‘We’re home’: Descendants of the Lost Tribe arrive in Israel: “For generations, thousands of the ‘Bnei Menashe‘ tribe have been living in northeast India, maintaining Jewish traditions as they see themselves as one of the Ten Lost Tribes; a hundred of them fulfilled their dream and immigrated to Israel over the weekend.”
That is the topic of a recent story in YnetNews.com. According to Wikipedia, “the Bnei Menashe (Hebrew: בני מנשה, “Sons of Menasseh”) are a small group within the indigenous people of India’s North-Eastern border states of Manipur and Mizoram; since the late 20th century, they claim descent from one of the Lost Tribes of Israel and have adopted the practice of Judaism.”
There are more than 3,000 members of the Bnei Menashe tribe already living in Israel, mostly in the Galilee region, with another 7,000 still living in India.
The area of northern India where the Bnei Menashe are from was converted to Christianity in the 19th century.
While believing that Y’shua (Jesus) is the promised messiah for all Israelites, these pioneers in the early 1960s adopted observance of the Jewish Sabbath, holidays, dietary laws and other Jewish customs and traditions which they learned from books. They had no connections with other Jewish groups in the diaspora or in Israel. (emphasis added) Wikipedia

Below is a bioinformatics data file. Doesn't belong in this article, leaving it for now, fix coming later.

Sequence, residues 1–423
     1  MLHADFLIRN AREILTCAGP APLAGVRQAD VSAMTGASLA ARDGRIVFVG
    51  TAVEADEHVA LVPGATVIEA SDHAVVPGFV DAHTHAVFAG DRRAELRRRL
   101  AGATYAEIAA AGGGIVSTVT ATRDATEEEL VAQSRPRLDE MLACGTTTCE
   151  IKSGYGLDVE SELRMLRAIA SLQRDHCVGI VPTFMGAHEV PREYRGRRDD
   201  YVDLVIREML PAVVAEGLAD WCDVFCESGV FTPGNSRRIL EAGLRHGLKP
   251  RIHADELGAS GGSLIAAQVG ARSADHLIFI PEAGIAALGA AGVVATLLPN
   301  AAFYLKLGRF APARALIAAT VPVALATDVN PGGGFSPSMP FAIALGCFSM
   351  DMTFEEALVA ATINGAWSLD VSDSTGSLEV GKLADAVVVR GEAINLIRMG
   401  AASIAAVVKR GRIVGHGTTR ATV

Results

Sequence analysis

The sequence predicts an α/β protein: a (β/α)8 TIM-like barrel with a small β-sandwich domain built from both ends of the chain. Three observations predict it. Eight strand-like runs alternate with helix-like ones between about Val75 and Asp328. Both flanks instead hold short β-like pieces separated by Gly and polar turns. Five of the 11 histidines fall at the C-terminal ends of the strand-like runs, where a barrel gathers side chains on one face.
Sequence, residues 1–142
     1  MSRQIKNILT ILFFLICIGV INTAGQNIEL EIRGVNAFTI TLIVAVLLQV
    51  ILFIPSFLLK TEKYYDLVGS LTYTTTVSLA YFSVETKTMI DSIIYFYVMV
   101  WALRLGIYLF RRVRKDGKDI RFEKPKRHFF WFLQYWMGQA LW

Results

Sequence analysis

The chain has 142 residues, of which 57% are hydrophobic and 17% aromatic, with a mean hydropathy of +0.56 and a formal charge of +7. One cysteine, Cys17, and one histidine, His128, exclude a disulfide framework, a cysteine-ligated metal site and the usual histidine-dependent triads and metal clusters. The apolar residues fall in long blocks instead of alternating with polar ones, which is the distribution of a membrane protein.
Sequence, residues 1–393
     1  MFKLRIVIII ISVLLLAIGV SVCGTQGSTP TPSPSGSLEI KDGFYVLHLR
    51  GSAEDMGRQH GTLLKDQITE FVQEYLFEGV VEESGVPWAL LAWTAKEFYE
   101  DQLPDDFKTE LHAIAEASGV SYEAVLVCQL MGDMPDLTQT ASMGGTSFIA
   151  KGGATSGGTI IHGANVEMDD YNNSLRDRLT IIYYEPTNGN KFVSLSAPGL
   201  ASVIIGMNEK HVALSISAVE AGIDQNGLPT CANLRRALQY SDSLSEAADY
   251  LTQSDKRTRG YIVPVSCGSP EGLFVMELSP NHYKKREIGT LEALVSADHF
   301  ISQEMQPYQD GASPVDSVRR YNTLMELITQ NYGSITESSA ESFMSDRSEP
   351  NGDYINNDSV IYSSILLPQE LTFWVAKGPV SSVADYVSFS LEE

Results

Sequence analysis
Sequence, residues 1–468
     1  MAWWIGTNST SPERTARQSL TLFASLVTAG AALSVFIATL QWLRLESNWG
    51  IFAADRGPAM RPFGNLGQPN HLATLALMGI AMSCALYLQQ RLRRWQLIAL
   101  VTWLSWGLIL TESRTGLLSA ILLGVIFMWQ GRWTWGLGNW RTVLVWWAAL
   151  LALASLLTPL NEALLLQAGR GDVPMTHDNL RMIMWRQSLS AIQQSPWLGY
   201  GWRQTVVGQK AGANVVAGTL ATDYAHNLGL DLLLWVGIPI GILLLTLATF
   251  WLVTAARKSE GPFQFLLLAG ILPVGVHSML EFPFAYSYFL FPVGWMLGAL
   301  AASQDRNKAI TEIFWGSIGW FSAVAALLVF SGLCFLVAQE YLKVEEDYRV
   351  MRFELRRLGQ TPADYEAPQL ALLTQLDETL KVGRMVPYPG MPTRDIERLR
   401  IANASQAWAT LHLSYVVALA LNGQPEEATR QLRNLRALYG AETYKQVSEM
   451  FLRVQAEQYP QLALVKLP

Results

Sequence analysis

However, after the Bnei Menashe made contact with Jewish groups from Israel and other countries, “they began to practice more traditional rabbinic Judaism in the 1980s and 1990s.” Given that they were eventually allowed to make aliyah to Israel, one can safely assume this means that they dropped their belief in Yeshua as the Messiah.
“In the late 20th century, many of the Bnei Menashe started studying normative Judaism. Hundreds emigrated to Israel, some completing the required formal conversions there to be accepted as Jews” and “in 2005, the Chief Rabbinate of Israel accepted them as Jews due to the devotion displayed by their practice through the decades, but still required formal ritual conversion to be accepted as Jews. Later that year, Israel began to refuse to issue visas to these peoples after India objected to Israeli teams entering the northeast states to perform mass conversions and arrange aliyah.” Wikipedia
No new Bnei Menashe immigrants were allowed to make aliyah from 2007 to 2012, but starting in 2013 immigrants started arriving again, mostly due to the efforts of Rabbi Michael Freund, CEO of Shavei Israel.
The new group of arrivals number about a hundred and is the first wave of what is expected to be as many as 700 this year according to Rabbi Michael Freund.
Read the full article about the Bnei Menashe:
‘We’re home’: Descendants of the Lost Tribe arrive in Israel: Ynet News
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